By Hillary Busis
June 14, 2013 at 11:18 PM EDT

Sorry, Daniel Tosh: You just lost an ally. In a treatise of over 6,000 words, comedian Patton Oswalt Friday spoke out on the rape joke controversy, pointedly retracting his support of Tosh’s stance to make jokes about anything, regardless of subject matter.

But first, let’s rewind. Last summer, the host of Tosh.0 found himself in a sticky situation after a spectator complained about the way she was treated at one of his shows. Specifically: As Tosh was allegedly riffing about how hilarious rape jokes are at an open mike, the spectator felt moved to shout out, “Actually, rape is never funny!” By her account, Tosh paused, then said, “Wouldn’t it be funny if that girl got raped by like, five guys right now? Like right now? What if a bunch of guys just raped her…?”

While Tosh issued an apology for the incident — “all the out of context misquotes aside” — it sparked a long-simmering conversation about feminism, the male-dominated comedy community, and what is and isn’t acceptable in making light of horrific and tragic topics. Tosh’s opponents argued that there’s a difference between jokes that lampoon the absurdity of rape culture — an attitude that normalizes, excuses, and tolerates sexual assault — and jokes that mock the victims of that assault. Tosh’s supporters, by contrast, accused his opponents of censorship, saying that there should be no limits on what comedians should be able to joke about.

Among the people in that second camp: Patton Oswalt, who told EW at Comic-Con that while he didn’t agree with what Tosh said, he thought it was “very dangerous to create an atmosphere where people can’t f— up,” since open mikes are meant as safe spaces for comedians to try out new material.

Fast-forward to this past spring, when the rape joke controversy reared its ugly head once more. The firestorm began anew when feminist writer Sady Doyle called out comedian Sam Morrill for telling a series of “steady, relentless, predictable” rape jokes during a show she attended. The article rippled around the Internet, leading Salon’s Molly Knefel to lament the “rape-joke double standard” and Jezebel’s Lindy West to write “An Open Letter to White Male Comedians,” in which she called comedy clubs “overtly hostile” spaces for women and requested those she was addressing stop acting like “a bunch of entitled babies terrified of a few girls in your clubhouse — demanding that women be thick-skinned about their own rapes while you’re too thin-skinned to handle even mild criticism.”

West went on to discuss the ethics of rape jokes with comedian Jim Norton on Totally Biased with W. Kamau Bell:

She followed the appearance by reading some of the most horrifying rape threats she received after the show.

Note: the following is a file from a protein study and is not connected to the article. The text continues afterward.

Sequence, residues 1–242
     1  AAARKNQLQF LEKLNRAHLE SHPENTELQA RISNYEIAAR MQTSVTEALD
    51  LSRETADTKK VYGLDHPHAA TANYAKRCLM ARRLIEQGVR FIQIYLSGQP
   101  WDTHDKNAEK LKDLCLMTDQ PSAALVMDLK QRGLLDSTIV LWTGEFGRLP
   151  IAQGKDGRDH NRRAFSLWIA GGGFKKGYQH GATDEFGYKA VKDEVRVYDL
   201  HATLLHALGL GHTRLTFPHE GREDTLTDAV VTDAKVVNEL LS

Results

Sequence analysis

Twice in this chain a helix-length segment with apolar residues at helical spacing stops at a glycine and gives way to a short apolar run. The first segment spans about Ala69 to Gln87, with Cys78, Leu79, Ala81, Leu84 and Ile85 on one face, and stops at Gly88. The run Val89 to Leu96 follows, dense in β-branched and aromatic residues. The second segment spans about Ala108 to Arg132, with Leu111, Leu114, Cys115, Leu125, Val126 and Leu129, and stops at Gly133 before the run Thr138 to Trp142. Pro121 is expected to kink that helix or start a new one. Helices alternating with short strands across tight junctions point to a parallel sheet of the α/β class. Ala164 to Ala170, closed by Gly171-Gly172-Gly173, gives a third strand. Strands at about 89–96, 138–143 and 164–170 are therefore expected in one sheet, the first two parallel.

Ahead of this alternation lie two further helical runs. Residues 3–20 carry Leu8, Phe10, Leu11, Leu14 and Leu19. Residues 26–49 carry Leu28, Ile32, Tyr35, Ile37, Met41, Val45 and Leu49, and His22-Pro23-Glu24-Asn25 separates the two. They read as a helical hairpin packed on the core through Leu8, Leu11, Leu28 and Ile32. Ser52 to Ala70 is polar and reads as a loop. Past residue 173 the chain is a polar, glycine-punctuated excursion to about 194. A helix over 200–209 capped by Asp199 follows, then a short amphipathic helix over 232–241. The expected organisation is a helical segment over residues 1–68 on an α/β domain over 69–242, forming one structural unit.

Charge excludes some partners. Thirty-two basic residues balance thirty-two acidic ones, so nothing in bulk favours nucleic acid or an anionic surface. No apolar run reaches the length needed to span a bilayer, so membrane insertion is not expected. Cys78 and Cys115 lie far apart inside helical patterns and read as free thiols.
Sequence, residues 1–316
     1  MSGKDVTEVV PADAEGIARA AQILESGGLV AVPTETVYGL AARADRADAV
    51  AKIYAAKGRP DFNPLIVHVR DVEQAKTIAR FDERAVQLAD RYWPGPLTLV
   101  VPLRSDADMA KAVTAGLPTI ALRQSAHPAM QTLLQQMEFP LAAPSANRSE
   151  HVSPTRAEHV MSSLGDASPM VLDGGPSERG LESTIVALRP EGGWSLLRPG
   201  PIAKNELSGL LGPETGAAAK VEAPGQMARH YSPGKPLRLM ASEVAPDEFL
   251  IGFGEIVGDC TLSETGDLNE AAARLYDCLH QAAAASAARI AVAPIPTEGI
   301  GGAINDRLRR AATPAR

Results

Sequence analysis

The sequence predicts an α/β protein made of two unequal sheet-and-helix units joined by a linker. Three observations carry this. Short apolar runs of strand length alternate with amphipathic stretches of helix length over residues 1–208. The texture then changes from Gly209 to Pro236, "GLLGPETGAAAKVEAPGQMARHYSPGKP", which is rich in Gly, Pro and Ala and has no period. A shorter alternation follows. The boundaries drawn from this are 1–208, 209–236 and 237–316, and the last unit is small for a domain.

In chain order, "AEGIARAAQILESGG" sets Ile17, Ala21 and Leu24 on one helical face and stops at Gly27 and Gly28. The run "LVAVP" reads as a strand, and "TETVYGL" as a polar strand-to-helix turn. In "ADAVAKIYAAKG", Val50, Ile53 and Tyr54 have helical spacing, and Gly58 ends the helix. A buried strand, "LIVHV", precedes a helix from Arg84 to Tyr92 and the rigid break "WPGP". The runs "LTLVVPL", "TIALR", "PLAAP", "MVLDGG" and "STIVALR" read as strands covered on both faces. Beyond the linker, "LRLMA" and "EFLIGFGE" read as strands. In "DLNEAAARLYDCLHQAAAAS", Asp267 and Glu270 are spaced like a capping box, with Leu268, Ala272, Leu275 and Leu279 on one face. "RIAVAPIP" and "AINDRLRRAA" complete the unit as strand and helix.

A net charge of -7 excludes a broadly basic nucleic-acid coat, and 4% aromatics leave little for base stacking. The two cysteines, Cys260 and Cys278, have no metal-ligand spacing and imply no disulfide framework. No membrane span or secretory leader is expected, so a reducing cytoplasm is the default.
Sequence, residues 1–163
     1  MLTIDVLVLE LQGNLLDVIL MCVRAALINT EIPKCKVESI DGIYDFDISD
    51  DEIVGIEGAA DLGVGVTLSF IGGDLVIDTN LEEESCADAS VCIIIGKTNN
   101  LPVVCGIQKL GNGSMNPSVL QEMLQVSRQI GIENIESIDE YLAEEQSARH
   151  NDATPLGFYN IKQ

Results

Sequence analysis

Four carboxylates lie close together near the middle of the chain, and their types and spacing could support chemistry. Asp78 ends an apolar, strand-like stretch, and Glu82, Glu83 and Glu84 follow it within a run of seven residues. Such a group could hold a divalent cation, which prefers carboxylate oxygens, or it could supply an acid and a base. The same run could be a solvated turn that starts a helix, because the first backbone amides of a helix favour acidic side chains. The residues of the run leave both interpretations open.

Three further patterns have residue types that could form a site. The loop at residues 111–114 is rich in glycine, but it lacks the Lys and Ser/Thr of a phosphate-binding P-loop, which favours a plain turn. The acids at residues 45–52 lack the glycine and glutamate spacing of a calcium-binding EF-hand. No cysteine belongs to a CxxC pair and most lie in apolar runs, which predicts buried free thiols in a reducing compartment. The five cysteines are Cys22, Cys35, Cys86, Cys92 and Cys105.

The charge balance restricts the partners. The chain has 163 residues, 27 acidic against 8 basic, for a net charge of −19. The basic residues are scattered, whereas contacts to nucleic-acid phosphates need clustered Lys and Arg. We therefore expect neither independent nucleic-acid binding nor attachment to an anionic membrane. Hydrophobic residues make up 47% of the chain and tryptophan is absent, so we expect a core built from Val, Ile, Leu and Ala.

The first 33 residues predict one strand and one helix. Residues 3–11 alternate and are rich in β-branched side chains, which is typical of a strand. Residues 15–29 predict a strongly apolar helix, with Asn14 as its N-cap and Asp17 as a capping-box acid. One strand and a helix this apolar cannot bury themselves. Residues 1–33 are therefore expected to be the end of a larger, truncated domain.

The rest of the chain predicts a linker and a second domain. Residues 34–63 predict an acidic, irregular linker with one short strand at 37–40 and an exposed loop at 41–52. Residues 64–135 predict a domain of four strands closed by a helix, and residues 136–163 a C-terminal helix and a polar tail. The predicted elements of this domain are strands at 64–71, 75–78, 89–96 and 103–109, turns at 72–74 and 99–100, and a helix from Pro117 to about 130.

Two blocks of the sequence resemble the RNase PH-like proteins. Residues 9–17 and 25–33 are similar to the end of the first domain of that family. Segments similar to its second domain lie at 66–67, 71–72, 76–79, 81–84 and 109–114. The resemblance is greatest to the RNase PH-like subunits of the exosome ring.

Though plenty of comedians have dispensed 140-character thoughts on the debate, a pro hadn’t contributed a long, thoughtful examination of the issue — until Friday. Its title, “A Closed Letter to Myself About Thievery, Heckling and Rape Jokes,” appears to give a nod to West’s Jezebel post. Its author is Patton Oswalt.

Over the course of the extensive post on his web site, Oswalt first tackles two other issues: joke plagiarism — he’s been on the receiving end more than once — and a Chicago Tribune article written this January that called heckling a good thing for comedy. Oswalt, naturally, disagrees both with that premise and the idea that joke stealing isn’t a big deal — and wonders why a knack for being funny isn’t valued or respected the way that other skills are:

Why is it – and this only seems to apply to comedy – that some people so deeply resent those that can write jokes, can invent new perceptions of the world that actually make people laugh?  Resent them so much that they have to denigrate the entire profession, just so they can feel better about themselves?  Do they really think they’re less of a person if they can’t make up a joke, or be funny in the moment?  Why is it so crucial to them?

In the essay’s third section, Oswalt takes a left turn — first sharing an anecdote about a “handsome, friendly” comedian he once knew who’s currently “serving a 55 to 70 year sentence for a string of rapes he committed at college campuses where he toured as a comedian,” then exploring the “knee-jerk” reaction he had when last summer’s now-infamous Tosh Incident blew up.

After noting that he still thinks comedians should be “allowed to f— up” at open mikes and saying that he doesn’t condone the behavior of the woman who heckled Tosh in the first place — “Don’t interrupt a comedian during the set-up” — he reaches an epiphany:

But remember what I was talking about, in the first two sections of this?  In the “Thievery” section and then the “Heckling” section?  About how people only bring their own perceptions and experiences to bear when reacting to something?  And, since they’re speaking honestly from their experience, they truly think they’re correct?  Dismissive, even?


Why, after all of my years of striving to write original material (and, at times, becoming annoyingly self-righteous about it) and struggling to find new viewpoints or untried approaches to any subject, did I suddenly balk and protest when an articulate, intelligent and, at times, angry contingent of people were asking my to apply the same principles to the subject of rape?  Any edgy or taboo subject can become just as hackneyed as an acceptable or non-controversial one if the exact same approach is made every time.  But I wasn’t willing to hear that.

The bottom line, in Oswalt’s words: His initial reaction to Tosh’s joke — and the rape joke controversy as a whole — “was… fu—ing… wrong.” Thankfully, he concludes, “I’m a man. I get to be wrong. And I get to change.”

Your move, Tosh. Read the essay in full here.

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